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The New York Fringe Festival: Reviews of "The Three Faces of Dr. Crippen" and "Hoaxocaust"

The New York Fringe Festival:  Reviews of Plays

Where, Oh Where, Is Mrs. Crippen?

Few Americans know anything about the mysterious 1911 murder of Belle Crippen, the middle-aged wife of Hawley Crippen, an American born London pharmacist, whose skin was found curled up under a basement stone in her husband’s home. The Crippen case is one of the most famous in British history, though. Several movies have been made about it, more than a dozen books written about it and the Brits argue about it to this day, more than a hundred years later.

Belle Crippen’s husband, it seems, had been having a romantic fling with his 20ish secretary, Ethel, for several years, his animosity for his harsh, bossy wife growing as the years went by. Then, one night…

The forty some Hawley Crippen, can’t stand his wife, especially after he started his bold romance with his lovely secretary, who tells him that they would be better off if his wife “disappeared.” Divorce was so expensive, even back in 1911.

The play, that opened at the Connelly Theater last week, explores Crippen’s growing desire to kill his wife and he debates how to do it and when, supported wholeheartedly by his girlfriend. In the end, he and the girlfriend killed her. Or did they? Was that really Mrs. Crippen’s body? Did Crippen kill her?

Kate Nawrocki’s scrumptious set, one of the best in the Fringe Festival, has tables, chair, desks, typewriters, book cases, and, to top it all, a bathtub, and filled with a singing woman wearing a bright pink blindfold.

After the actual murder took place, Crippen and his lover, disguised as a young boy, fled England on a cruise ship bound for Canada and freedom. The police jumped onto a second cruise liner, a faster one, and pursued the pair while the London newspapers had a field day with the transatlantic story. Will the police catch them or won’t they? Whose ship is faster? The tension mounts…

Director Jimmy McDermott has done a sensational job of moving the play along at a lightning fast pace while at the same time painstakingly developing each character. The story, under his direction, is told by different people in different places and, step by step, character by character, the tale unfolds. He gets superb performances from Matt Holzfeind, Scott Cupper and Stuart Ritter as the three Dr. Crippens, Kate Nawrocki as his wife and Delia Baseman as the girlfriend, Ethel.

Schwartz has put three men in the play as Dr. Crippen. They each represent one of his personalities. It is a bit cumbersome and she might be better off making him one character. Her point, though, that this was a torn man, is made and made well, though.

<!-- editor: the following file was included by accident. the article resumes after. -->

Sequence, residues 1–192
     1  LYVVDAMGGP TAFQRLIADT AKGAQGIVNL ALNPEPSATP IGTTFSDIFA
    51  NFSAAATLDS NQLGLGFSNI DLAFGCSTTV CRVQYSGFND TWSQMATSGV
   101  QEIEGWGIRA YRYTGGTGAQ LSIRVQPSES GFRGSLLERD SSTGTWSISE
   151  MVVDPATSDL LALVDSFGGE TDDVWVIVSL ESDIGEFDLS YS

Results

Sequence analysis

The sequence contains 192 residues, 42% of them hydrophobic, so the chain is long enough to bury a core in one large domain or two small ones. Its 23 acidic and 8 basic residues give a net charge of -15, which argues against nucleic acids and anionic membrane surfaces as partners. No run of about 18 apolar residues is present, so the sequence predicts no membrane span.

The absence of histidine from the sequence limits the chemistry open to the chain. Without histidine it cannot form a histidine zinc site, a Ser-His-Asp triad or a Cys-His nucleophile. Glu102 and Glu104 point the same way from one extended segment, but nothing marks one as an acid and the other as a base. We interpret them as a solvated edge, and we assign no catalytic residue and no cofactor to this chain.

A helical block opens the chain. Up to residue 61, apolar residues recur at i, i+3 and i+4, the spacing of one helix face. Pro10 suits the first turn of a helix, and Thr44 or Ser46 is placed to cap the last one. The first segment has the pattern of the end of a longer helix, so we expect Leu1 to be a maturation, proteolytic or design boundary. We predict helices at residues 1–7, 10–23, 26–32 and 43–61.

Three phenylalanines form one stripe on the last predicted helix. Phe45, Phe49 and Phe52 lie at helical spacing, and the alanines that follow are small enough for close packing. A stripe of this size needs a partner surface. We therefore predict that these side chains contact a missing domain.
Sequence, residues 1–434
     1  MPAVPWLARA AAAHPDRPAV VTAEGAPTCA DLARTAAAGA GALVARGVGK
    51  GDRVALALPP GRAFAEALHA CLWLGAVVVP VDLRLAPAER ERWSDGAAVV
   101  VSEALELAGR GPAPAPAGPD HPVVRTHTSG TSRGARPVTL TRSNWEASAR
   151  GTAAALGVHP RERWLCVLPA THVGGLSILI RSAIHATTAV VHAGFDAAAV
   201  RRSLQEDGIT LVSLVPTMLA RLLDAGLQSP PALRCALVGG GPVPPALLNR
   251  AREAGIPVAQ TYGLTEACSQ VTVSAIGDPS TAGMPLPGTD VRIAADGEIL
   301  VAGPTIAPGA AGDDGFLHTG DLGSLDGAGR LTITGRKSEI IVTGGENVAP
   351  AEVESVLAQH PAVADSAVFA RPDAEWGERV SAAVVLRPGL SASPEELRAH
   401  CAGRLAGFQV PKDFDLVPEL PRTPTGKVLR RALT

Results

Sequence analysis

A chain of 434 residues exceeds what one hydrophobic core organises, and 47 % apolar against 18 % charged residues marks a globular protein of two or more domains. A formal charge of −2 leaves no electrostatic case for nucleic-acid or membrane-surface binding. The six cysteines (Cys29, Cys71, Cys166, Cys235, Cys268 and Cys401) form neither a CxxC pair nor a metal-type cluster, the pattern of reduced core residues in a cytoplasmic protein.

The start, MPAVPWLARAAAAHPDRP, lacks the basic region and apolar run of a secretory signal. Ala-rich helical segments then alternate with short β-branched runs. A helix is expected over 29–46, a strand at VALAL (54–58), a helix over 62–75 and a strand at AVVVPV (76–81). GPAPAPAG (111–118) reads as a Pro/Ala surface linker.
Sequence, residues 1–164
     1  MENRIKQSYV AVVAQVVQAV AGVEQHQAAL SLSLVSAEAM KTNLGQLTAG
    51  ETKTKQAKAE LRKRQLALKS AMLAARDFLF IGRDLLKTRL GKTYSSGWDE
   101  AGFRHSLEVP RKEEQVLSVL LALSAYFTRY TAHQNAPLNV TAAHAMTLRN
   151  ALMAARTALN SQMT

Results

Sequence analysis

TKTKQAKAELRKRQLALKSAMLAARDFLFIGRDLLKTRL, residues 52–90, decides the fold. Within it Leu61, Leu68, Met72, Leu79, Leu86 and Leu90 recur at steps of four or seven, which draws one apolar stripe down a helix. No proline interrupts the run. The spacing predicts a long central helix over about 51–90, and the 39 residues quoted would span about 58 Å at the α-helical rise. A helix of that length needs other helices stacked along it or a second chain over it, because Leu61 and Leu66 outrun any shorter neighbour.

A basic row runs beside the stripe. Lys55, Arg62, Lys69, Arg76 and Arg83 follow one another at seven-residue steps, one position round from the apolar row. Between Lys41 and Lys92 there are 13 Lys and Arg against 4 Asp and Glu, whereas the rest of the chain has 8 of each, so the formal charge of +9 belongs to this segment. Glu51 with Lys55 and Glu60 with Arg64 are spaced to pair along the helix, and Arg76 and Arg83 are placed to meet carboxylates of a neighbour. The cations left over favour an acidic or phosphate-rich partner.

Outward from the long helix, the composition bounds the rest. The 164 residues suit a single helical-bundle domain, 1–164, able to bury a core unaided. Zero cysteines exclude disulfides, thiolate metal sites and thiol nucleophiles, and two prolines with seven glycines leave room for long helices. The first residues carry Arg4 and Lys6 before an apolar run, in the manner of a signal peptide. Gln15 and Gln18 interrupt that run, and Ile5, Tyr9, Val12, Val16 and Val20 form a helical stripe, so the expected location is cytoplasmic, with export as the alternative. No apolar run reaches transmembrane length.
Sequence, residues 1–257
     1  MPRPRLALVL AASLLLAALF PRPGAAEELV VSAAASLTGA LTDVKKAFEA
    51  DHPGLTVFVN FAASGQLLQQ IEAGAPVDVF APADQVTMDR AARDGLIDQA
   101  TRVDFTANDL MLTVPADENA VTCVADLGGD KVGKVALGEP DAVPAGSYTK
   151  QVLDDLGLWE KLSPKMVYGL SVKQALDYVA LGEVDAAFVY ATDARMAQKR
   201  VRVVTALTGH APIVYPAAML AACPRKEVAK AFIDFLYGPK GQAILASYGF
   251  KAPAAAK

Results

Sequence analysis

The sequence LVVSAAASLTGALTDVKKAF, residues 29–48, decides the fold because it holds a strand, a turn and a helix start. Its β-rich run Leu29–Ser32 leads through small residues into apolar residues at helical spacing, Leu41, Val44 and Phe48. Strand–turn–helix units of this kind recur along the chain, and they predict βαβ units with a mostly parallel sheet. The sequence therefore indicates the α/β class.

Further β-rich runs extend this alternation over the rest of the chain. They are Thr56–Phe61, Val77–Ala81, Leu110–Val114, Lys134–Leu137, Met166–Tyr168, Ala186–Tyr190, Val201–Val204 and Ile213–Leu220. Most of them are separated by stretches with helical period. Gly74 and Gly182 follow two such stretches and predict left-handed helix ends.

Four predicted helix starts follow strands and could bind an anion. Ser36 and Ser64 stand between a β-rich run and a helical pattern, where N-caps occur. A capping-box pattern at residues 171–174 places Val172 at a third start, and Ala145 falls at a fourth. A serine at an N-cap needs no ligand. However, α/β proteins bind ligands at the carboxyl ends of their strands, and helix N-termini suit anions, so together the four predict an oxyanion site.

See this play. It is a barnburner of a murder story with good incidental music, a delicious end and a nice look at England in 1911.

PRODUCTION: Produced by the Strange Tree Group and the Fringe Festival. Set: Kate Nawrocki, Lighting: Becca Jeffords. Costumes: Delia Baseman, Sound: Michael Huey. The play is directed by Jimmy McDermott.

There WAS a Holocaust and Millions DID Die

Barry Levey is a smiling, amusing young actor who put the audience at ease with some easy banter at the start of his one man play, Hoaxocaust, on Holocaust deniers, who grow in numbers each year. He had to start that way to ease the pain of everybody for what was to come. Levey does not stage a one man play as much of an actor’s convincing argument against the Holocaust deniers. He does it by putting the argument within a fictional story of his trip to his brother’s wedding in Budapest and the deniers he meets along the way to it.

The Holocaust deniers make a strong case, from their point of view, says Levey. They argue that Jews died in labor camps, not extermination camps, that no one can prove they were gassed, that photos of gas chambers were manufactured, that the real number of Jews who died in World War II was 300,000, not six million and that no one has ever produced an order to kill Jews signed by Adolf Hitler. The Holocaust, they charge, was all made up to gain sympathy for Jews and for Israel when it began its nationhood in the late 1940s.

The success of Levey’s play against the deniers, that opened last week at Theater 64E4, is that he did not shout and scream or bellow at the deniers. He did not even demean their arguments. He simply explains that they are wrong and that people have proved they were wrong for more than fifty years, since the movement began with the 1961 German book The Forced War, by David Hoggan. Levey cites dozens of documented accounts of the extermination of the Jews from Germany, Poland, France, Czechoslovakia and other countries during the war and shocks the audience by stating that in those years more people were exterminated than in just about all world history combined in a similar period.

Was there a Holocaust? Of course there was. Millions died. Evidence runs from Eisenhower’s tour of a concentration camp at the conclusion of the war to journals and diaries not only of survivors of them, but German guards who worked there. How, then, do the deniers get any mileage out of their argument?

What they do, Levey insists, is say that the Jews have one version of the Holocaust and the deniers have another. The world must decide which is the soundest. That’s nonsense, Levey argues. The Jews have one argument that is the truth and the deniers have an argument that is made up. The Jews argument is full of historical fact and the deniers’ full of lies.

Who believes the deniers? Levey argues, with great, quiet force, that those who do are those who want to believe them.

Sadly, there are too many who want to believe them.

PRODUCTION; Produced by the Fringe Festival. The show is written and performed by Barry Levey and directed by Jeremy Kronenberg

The Fringe Festival continues through August 23.